Perhaps they miss it because Reviewers and modellers focus so much on prototyple accuracy that the brand managers forget that they have other responsibilities? Either way, it is not OK that they totally miss the most important things for the average user - such as consistent / accurate wheel spacing vs track standards, coupler heights, installability for decoders, power pickup quality.

Inadequate overall company management (no operational structure to set company values) - resulting in poor product management skills are at the root of it... Because a competent manager or properly managed design process would simply need to specify a coupler height with a tolerance limit to get what is needed - then CHECK that it is as it should be before accepting the model for production.

regards, Ahjay
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Hugh Macnaughton
Bunkerbarge! You have come up with a so.ution for the Thomson L1 derailing problem! Please can you post what you did! It's driving me nuts!
Hugh Macnaughton 
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Hi Hugh, I don't want to hijack this thread so I've started another one for you to look at here, hope it helps:
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Thoroughly agree with all that is said here. An additional problem is that Hornby and Bachmann NEM coupler pockets are regularly at different heights. So, if you do use Kaydees you have the other problem, that they only make a raised head, and not a centred one or lowered one. All a bit of a pain. If there is such a thing as a NEM standard, then why don't they all use it. 

Same with accessory decoders. If they say they will switch solonoid points, why don't they? All very irritating. And we accept it. Why cant Richard's cronies make everything? At least it would work. 
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There is a NEM standard for coupler pockets

After the debacle with Bachmann Mk1's and a couple of their wagons, Bachmann seem to have come around to somewhere near standard.

Hornby always seem to be at or near, but can suffer from sticking self-centre/close coupling issues.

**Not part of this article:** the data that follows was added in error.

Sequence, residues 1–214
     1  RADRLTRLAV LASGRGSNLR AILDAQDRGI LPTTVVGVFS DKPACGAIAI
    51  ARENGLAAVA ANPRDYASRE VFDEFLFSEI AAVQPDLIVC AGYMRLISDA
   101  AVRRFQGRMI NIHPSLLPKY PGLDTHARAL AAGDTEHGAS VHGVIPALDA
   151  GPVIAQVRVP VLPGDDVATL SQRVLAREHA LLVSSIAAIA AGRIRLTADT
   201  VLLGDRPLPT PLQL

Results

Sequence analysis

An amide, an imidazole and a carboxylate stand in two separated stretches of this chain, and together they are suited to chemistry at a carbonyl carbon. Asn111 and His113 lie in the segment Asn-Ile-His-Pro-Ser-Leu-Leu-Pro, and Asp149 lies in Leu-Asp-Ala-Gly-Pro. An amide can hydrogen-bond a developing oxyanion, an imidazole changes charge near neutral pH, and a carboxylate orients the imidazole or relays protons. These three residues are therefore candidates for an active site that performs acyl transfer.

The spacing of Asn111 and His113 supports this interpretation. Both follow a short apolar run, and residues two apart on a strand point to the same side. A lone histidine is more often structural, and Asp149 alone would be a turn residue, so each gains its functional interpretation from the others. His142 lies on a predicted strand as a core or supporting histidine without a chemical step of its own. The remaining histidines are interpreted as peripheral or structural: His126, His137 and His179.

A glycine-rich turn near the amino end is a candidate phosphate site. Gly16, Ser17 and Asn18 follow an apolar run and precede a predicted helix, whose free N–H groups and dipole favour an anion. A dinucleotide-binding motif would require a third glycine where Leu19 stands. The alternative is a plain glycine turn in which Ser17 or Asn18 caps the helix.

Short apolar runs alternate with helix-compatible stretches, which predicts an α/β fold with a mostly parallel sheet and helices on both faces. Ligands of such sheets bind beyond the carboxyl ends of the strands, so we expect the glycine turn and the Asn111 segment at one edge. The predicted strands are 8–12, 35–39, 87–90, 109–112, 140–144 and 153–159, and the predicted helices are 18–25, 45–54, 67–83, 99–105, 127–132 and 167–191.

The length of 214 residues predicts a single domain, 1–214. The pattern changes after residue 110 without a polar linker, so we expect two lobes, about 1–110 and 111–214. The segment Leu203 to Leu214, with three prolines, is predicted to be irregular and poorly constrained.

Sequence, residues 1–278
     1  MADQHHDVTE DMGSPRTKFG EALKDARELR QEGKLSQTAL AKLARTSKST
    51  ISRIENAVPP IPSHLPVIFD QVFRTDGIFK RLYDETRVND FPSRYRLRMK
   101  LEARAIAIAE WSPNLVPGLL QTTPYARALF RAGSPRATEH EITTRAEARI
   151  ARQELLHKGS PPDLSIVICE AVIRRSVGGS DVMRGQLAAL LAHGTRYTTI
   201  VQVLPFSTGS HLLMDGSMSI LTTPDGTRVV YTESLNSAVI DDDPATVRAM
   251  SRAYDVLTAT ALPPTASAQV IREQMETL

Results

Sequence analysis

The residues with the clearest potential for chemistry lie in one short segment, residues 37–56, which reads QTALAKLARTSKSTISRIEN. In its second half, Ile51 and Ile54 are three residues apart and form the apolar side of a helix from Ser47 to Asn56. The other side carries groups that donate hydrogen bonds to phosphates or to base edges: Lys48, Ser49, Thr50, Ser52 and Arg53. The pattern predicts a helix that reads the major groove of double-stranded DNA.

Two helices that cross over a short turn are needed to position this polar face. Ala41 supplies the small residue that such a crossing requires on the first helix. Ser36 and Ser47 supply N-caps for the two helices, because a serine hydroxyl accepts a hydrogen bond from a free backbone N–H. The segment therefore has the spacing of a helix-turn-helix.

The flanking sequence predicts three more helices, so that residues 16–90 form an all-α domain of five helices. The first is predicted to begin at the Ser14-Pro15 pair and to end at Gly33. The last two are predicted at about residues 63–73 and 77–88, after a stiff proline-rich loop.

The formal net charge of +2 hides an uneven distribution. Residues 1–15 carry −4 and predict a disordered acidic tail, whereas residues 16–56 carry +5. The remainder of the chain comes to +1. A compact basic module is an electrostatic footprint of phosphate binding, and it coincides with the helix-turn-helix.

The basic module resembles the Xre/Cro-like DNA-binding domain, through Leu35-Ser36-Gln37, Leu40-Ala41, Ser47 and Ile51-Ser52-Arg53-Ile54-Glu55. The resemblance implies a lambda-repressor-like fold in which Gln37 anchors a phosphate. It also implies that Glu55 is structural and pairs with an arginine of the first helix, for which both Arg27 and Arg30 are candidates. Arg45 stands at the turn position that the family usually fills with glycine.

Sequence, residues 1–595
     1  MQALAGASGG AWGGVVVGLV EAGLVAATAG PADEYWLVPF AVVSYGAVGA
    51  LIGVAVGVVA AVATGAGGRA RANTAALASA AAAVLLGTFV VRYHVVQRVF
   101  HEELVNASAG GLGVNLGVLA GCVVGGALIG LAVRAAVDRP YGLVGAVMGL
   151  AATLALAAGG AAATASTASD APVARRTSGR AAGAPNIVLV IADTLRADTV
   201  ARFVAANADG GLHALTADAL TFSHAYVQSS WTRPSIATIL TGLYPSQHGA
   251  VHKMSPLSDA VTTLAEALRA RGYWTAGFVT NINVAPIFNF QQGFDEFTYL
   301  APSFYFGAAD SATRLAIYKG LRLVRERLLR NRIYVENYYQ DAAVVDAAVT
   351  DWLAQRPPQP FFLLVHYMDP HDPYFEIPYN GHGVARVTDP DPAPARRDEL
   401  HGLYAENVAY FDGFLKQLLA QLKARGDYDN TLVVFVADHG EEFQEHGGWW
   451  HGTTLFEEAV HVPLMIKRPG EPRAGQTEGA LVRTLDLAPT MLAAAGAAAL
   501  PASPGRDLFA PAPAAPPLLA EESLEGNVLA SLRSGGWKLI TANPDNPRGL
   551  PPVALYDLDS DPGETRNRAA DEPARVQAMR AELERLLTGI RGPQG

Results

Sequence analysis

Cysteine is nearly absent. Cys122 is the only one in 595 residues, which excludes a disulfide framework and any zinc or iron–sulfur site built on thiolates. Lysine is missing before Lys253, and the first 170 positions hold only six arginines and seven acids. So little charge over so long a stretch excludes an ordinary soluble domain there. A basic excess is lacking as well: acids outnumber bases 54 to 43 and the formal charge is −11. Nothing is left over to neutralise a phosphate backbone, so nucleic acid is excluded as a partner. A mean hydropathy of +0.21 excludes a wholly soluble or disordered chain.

Dapol - not too bad.
Revolution TEAs - spot on
Accurascale PCAs - not played with them yet, but look good.

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Ron Solly Sol
And DOGA promotes this  for NEM  pockets
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PJ Knight
I've got to agree, when I was working in 4mm I ended up keeping the various manufactures apart, rakes of Hornby, Bachman & Dapol, Dapol being the worst in my view. 

With age and eye site, moved onto 7mm, even I can manage 3 link couplings!
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It is systematic of the household brands that the attention to detail is so much focused on accuracy of models to prototype ( which we have all shouted from the roof tops for) that there eye has gone away from couplings wheel profiles etc.
Dapol have issues with both as do Oxford rail , Hornby and Bachmann.
Is it not time that the model press picked up on this. Calls for a standard height of couplings,  size etc would be a step in the right direction. But I fear that whilst magazines continue to think that shelf , cake box challenge layouts are cool and the way to go, then nothing will change 
May be the modelling press are too close with the manufacturers . Maybe a new topic sorry 

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Bernard Newbury Bernard Newbbury
I have had this problem as well. I have now moved over to Kadee and put my wagons and coaches into rakes using Roco close coupler with a Kadee each end. The Roco used to drop and that had to be adjusted and was about 80% efficient. I am now fitting all the stock with a new coupling that is a 3D printed 3 link that fits directly in the NEM pocket.